Sammy Preston is a writer and editor based in Sydney. Working especially within lifestyle, culture, art and design, Sammy is the editor of Lifestyle.com.au, and a senior writer at Broadsheet. You’ll also find Sammy’s writing in local and international art press such as VAULT magazine, Art Collector, Art Edit, Habitus, Indesign, and MUSEUM magazines.
Sammy’s interest in the arts stems from four years managing Gallery 2010 in Sydney’s Surry Hills – a curator-run initiative she developed, which worked to support emerging and established artists. As well as this, she’s passionate about food and restaurant culture, good design, fashion, music, health and wellbeing, travel, everything digital, and telling great stories. You can find her on Twitter @sammypreston.
Have you always been a journalist? What attracted you to journalism?
I’ve always loved writing – but didn’t come to publishing straight away. I studied law, then moved to France to study, then came home to work in marketing and brand communications, and worked on an art gallery initiative in the loading dock of our building. While I was working in the arts, I started writing arts pieces for Broadsheet, and went on to freelance for a number of arts and culture and lifestyle publications from there.
You started as the Editor of Lifestyle.com.au last year. What does a typical day look like for you?
First, coffee. Then typically our editorial team will try to surface relevant news pieces to run that have come up overnight, or recently. After this, I’ll be wading through emails, working on ongoing features, filing amazing stories to begin work on, interviewing interesting people over the phone, organising other interviews, reviewing and scrutinising the week before in Analytics, or briefing in video content to our amazing producers. We’re also always working alongside Lifestyle’s incredible TV shows to give them a digital front (Grand Designs Australia, The Great Australian Bake Off, Gogglebox, and Love It Or List It Australia are some favourites).
For a press release to stand out to you, what does it need?
I get sent a great deal of releases in a week, and – just practically – it’s always incredibly useful if the key takeaways of the release are somewhere at the top. More broadly, I think having a genuine story and a general understanding of a publication’s audience and editorial plan are key. A press release that speaks directly to our content pillars or direction is easier to place. And images – when sifting through great volumes of releases, a picture really can sell the pitch.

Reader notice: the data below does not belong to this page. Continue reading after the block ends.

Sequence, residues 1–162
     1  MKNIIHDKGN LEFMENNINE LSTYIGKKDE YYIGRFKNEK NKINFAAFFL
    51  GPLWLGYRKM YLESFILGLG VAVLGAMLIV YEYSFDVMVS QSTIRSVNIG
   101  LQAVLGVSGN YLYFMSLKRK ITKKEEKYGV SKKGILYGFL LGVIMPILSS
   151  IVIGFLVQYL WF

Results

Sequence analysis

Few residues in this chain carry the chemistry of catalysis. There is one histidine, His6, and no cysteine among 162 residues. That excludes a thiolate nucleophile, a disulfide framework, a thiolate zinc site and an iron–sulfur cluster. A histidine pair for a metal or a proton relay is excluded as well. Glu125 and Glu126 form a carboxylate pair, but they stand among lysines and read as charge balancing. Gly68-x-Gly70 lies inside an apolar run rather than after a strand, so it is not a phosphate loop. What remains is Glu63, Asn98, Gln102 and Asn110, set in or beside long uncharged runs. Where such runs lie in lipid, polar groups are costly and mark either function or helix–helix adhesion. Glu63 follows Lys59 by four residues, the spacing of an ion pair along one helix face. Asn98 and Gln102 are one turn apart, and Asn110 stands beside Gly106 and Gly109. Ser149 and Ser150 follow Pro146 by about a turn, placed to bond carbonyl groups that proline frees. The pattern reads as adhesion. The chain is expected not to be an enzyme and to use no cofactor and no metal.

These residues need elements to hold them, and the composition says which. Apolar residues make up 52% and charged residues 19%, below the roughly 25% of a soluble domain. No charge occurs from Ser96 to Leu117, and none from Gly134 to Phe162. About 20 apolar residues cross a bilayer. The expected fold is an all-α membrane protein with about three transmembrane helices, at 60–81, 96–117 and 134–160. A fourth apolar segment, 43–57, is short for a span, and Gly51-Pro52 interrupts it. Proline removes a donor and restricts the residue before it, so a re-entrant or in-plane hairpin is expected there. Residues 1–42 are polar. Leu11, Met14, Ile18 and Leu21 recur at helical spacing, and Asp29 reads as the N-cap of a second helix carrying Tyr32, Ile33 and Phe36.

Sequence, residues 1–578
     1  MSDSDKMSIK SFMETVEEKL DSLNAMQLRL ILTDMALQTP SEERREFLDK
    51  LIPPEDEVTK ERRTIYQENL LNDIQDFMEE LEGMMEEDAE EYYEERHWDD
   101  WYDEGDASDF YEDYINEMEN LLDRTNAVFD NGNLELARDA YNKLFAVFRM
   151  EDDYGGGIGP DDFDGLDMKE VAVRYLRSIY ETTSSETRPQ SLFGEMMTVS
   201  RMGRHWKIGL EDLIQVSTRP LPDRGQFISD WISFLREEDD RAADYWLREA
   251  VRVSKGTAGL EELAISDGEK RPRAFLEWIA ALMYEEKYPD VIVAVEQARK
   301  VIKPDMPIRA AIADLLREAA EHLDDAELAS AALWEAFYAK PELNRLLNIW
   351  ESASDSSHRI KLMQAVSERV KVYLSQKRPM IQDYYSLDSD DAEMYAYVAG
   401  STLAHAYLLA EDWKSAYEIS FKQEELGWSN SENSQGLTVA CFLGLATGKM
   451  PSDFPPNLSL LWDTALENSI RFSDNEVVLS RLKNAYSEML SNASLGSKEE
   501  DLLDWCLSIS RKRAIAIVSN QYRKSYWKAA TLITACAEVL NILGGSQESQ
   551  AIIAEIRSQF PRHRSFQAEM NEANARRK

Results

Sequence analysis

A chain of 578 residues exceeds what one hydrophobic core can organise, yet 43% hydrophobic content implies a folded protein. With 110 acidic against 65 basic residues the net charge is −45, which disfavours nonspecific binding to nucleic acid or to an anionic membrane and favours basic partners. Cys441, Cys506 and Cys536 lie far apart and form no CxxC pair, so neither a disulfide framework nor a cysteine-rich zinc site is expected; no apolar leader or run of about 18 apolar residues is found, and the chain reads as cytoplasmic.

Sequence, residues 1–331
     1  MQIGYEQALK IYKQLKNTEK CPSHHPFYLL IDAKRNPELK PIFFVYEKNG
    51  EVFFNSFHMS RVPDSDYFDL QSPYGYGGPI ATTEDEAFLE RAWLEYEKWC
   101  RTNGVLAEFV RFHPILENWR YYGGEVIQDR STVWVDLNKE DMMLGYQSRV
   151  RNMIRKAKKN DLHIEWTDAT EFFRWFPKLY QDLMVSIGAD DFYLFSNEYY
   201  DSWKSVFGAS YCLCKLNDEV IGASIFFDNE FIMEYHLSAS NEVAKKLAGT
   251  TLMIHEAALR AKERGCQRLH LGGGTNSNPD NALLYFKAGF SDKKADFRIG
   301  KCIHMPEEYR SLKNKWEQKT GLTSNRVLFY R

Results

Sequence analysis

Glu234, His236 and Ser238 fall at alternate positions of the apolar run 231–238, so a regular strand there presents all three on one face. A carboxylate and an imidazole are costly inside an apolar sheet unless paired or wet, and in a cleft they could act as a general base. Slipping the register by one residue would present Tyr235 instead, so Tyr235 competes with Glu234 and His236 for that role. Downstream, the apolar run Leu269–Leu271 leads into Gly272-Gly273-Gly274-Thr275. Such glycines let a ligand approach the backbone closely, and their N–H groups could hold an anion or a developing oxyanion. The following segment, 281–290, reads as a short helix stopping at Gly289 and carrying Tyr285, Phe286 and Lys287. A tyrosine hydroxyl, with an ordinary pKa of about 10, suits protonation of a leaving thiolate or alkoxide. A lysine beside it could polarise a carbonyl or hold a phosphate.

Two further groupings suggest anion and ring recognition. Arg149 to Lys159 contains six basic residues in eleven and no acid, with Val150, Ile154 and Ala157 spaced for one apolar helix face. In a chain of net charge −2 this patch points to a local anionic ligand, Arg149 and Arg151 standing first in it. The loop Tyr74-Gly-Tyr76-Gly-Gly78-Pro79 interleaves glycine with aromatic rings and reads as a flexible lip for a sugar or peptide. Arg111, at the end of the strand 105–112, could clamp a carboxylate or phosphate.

What is the most interesting story you’ve written about in the last few months?
Too many! On Lifestyle, I’ve written about a yoga studio set to the frequency of the earth (a sort of soft, reverberating hum), and I’ve revealed a few of superstar baker Katherine Sabbath’s cake making secrets. I still write freelance for a few arts and culture magazines – some of my favourites in recent months would be interviewing Brooklyn based artist Nari Ward for Museum magazine, speaking to Gotye about his fascination with an early version of a synthesiser for Broadsheet, and an essay on the impact of Instagram on the art world for Vault magazine.
What are the aspects of being a journalist that motivate you the most?
As a digital editor, I’m pretty enthusiastic (read: very geeky) when it comes to publishing technology, audience data, the shifting plates of digital platforms, and discovering new and nuanced ways to reach audiences and serve them better. As a writer, I love being able to share stories that have resonated with me in some way, that I feel someone else in the world might enjoy. I’m also a big lifestyle media consumer – from digital publishers, to magazines, TV, and social media – so I’m often inspired and motivated by the work of other great writers, scriptwriters, directors, editors, and publishers.